At tonight’s press conference, the cabinet warned: obey the rules and curb the number of new infections now, or more measures are needed. It was announced that mayors can make more local policies. And that is urgently needed, for example, mayor Paul Depla of Breda. “We see the number of infections increasing in Breda, also among young people.”
Prime Minister Mark Rutte immediately addressed young people who would not comply with the rules. “You may think you are invincible, but you can infect others.” He reminds young people of their responsibility.
But is such a call enough? According to generation expert Talitha Muusse, the cabinet is sending the wrong message to young people. “I think it is counterproductive and that it creates an authority problem.”
There are major concerns about the high number of young people becoming infected. That group was therefore directly addressed by the prime minister. Last week, more than half of the new infections occurred in the age group 17 to 30 years.
According to Muusse, young people are hit hard by the effects of the crisis, which partly explains why they are less compliant with the rules. “There is little perspective and it is not clear when normal life will return. Young people often have lost their jobs, cannot do an internship or complete training.”
‘Youth communication must be improved’
In addition, according to Muusse, many young people do not believe in the strategy of the government, which they find unclear. “You have to take youth communication seriously. It really has to be taken to a higher and better level.”
Now she pretends that the revival of the coronavirus lies only in young people. That is a breeding ground for frustration. “The excesses, the people who go to the border with illegal parties, they are of course wrong. But I think we should also be honest with each other: since the weather is nice, the whole of the Netherlands has become more easy going. Then I think it’s very tricky to appeal to a target audience. “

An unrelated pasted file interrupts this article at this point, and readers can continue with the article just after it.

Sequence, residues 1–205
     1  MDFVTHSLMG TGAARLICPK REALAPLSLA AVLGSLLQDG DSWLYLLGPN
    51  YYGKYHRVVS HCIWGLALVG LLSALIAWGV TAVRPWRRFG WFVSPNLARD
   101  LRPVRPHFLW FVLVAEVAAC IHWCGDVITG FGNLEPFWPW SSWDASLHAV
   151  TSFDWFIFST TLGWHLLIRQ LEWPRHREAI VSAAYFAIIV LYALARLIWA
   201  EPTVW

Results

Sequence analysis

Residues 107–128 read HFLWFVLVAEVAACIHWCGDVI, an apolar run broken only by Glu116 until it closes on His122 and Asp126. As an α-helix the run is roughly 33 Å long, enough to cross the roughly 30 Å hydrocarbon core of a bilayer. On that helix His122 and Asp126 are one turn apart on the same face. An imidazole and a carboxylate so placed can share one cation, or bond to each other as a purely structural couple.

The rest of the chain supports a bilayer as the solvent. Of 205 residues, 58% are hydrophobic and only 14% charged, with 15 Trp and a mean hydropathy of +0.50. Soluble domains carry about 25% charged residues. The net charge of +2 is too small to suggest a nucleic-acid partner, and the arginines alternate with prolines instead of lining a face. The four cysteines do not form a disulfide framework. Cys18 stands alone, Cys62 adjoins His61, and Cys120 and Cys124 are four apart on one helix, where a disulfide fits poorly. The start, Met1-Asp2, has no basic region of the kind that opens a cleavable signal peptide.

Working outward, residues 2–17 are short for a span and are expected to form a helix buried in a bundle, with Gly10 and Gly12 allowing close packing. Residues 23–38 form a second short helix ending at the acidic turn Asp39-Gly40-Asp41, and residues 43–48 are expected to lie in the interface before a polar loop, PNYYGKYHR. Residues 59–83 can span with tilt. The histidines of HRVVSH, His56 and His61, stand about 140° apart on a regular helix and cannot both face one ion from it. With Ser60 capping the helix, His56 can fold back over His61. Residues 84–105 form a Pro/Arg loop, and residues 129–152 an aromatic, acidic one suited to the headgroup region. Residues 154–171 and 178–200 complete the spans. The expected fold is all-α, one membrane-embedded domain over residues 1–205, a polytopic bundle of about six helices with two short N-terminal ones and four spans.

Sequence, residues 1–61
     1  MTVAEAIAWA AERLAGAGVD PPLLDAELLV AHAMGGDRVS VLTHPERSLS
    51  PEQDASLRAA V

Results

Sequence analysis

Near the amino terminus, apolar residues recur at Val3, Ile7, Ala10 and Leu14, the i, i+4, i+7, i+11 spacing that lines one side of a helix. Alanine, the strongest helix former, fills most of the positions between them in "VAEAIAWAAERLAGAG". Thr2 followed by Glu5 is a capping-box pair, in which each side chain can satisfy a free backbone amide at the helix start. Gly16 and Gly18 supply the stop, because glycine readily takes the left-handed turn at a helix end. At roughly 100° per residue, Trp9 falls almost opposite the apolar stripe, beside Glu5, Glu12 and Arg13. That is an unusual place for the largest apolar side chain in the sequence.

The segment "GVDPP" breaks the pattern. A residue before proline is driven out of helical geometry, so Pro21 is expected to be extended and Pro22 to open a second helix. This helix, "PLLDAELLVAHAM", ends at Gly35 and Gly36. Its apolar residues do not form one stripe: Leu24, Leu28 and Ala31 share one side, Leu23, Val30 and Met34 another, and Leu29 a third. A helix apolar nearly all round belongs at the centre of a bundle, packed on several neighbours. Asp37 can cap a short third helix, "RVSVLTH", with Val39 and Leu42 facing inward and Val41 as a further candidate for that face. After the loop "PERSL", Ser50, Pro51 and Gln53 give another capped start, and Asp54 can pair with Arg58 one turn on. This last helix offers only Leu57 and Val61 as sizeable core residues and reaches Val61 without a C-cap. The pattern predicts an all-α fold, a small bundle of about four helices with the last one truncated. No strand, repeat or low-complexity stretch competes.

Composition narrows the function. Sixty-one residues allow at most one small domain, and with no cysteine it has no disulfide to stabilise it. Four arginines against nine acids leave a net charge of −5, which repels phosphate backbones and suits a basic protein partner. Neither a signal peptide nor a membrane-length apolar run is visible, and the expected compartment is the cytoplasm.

Mayor Depla is also struggling with communication between young people and the government. “As a man over 50, should I say what works and what doesn’t when it comes to appealing to young people,” he wonders. “Enforcement is mainly fining and punishing, but I hear little about seducing and giving responsibility to young people.”
Conversation with target group
Depla is also critical of the government’s attitude. “We started as if young people could not or hardly get sick. Now we have to say: what we communicated earlier was not correct. And frankly, we also do not know what works and what does not work when it comes to reaching young people. much more talking to the target group about it. “
The municipality of Breda has therefore invited young people to the town hall to discuss with them what measures work. “When I tell my own kids what to do, they don’t listen directly,” Depla says. “I hope that young people become part of the solution themselves.”